Pascal's last major achievement, returning to his mechanical genius, was inaugurating perhaps the first bus line, moving passengers within Paris in a carriage with many seats. He died in Paris on the morning of August 19, 1662, his last words being "May God never abandon me," Template:Inote and was buried in the cemetery of Saint-Étienne-du-Mont.

Works

  • Essai pour les coniques (1639)
  • Experiences nouvelles touchant le vide (1647)
  • Traité du triangle arithmétique (1653)
  • Lettres provinciales (1656-7)
  • De l'Esprit géométrique (1657 or 1658)
  • Écrit sur la signature du formulaire (1661)
  • Pensées (incomplete at death)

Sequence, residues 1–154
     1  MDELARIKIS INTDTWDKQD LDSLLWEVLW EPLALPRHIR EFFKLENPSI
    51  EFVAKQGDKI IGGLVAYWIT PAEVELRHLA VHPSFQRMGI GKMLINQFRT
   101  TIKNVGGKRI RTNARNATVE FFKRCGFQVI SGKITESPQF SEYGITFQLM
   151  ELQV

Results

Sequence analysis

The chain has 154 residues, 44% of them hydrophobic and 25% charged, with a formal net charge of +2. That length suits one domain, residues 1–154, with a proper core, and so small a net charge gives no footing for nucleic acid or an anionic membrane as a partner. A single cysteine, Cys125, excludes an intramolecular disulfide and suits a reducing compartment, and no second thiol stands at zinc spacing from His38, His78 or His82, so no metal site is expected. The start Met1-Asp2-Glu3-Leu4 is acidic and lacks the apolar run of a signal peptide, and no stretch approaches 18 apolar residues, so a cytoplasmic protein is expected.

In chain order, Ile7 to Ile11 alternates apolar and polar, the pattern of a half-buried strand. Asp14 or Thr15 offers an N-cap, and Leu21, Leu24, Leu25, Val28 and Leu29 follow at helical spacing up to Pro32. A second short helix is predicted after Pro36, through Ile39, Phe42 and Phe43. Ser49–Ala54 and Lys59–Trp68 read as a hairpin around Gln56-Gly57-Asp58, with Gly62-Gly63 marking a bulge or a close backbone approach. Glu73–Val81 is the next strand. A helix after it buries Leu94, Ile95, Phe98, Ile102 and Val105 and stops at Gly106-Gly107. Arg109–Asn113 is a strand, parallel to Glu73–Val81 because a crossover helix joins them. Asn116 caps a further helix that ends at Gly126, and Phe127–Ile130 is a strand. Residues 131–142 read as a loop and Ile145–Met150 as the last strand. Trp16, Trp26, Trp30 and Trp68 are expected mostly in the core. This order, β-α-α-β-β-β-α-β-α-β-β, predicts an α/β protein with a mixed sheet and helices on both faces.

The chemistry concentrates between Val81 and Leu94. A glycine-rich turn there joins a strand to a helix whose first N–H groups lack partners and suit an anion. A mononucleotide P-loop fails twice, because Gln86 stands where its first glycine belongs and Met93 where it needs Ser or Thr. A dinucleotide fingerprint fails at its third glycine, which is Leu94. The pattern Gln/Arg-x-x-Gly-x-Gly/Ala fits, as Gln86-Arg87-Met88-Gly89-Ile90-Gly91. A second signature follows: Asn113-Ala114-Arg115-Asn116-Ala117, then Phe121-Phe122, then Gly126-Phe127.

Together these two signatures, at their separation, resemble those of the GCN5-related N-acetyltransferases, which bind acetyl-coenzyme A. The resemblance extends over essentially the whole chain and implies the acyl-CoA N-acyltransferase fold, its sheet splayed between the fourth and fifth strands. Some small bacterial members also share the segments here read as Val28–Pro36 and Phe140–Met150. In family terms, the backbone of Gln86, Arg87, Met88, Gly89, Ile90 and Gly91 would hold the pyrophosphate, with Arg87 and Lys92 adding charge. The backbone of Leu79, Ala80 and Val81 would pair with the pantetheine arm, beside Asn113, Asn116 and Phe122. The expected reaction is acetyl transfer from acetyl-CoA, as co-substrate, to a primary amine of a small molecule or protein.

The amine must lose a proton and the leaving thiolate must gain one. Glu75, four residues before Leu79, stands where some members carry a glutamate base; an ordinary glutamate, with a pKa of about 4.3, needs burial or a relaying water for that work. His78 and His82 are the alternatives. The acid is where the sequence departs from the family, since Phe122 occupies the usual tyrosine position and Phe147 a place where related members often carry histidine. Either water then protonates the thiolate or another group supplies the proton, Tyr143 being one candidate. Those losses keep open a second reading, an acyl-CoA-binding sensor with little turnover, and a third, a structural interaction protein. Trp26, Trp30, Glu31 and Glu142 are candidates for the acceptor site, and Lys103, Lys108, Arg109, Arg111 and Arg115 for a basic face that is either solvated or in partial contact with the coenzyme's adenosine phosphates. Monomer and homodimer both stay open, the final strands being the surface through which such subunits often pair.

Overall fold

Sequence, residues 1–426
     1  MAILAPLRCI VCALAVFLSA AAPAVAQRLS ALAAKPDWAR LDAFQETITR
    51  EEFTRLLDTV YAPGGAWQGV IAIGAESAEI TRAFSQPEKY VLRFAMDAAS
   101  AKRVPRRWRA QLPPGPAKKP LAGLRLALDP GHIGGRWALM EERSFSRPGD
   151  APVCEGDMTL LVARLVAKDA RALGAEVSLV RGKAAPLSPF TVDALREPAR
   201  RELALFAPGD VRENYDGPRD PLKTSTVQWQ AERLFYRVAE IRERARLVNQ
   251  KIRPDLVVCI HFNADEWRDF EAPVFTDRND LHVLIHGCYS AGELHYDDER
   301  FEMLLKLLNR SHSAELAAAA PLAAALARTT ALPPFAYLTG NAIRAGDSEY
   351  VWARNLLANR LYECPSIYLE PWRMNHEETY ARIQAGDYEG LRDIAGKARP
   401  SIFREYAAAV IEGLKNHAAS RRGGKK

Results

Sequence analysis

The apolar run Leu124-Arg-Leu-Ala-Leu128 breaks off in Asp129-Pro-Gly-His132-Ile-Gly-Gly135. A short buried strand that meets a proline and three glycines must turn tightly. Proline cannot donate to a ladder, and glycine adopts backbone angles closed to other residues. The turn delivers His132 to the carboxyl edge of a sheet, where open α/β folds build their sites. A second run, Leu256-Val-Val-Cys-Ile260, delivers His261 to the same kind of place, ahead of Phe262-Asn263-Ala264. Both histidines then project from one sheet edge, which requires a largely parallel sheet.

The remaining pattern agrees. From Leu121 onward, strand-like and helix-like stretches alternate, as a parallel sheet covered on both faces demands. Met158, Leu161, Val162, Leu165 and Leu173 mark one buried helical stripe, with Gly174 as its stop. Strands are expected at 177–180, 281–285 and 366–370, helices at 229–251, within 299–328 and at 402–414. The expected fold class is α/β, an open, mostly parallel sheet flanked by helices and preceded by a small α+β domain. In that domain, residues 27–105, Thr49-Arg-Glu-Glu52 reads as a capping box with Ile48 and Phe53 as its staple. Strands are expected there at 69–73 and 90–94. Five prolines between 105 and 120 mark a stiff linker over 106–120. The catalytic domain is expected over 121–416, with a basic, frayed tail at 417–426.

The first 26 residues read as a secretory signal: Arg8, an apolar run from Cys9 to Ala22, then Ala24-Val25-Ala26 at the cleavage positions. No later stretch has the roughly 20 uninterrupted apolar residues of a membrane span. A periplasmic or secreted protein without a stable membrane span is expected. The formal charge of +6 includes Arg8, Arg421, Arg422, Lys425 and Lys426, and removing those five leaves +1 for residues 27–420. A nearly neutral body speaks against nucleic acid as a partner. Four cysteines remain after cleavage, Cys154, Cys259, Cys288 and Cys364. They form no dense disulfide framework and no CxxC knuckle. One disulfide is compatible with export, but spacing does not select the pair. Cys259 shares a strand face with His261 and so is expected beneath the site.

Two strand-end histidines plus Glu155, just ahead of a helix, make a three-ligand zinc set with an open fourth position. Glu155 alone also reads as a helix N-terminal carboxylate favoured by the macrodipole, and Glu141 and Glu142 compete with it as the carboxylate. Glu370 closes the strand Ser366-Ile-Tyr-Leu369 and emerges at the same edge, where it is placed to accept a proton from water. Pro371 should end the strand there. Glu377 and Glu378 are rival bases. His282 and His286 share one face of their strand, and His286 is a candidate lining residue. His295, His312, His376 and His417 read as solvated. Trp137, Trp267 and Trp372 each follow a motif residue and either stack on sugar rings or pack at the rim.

See also

References

  • Broome, JH. Pascal. ISBN 0713150211
  • Muir, Jane. Of Men and Numbers. New York: Dover Publications, Inc, 1996. ISBN 0486289737
  • Encyclopedia of Philosophy, 1967 edition, s.v. "Pascal, Blaise."
  • Pascal, Blaise. Oeuvres complètes. Paris: Seuil, 1963.

External links

  • Template:MacTutor Biography
  • Etext of Pascal's Pensées (http://www.ccel.org/p/pascal/pensees/pensees.htm) (English, in various formats)
  • Etext of Pascal's Lettres Provinciales (http://oregonstate.edu/instruct/phl302/texts/pascal/letters-a.html) (English)
  • Etext of a number of Pascal's minor works (http://www.bartleby.com/48/3/) (English translation) including, among others, De l'Esprit géométrique and De l'Art de persuader.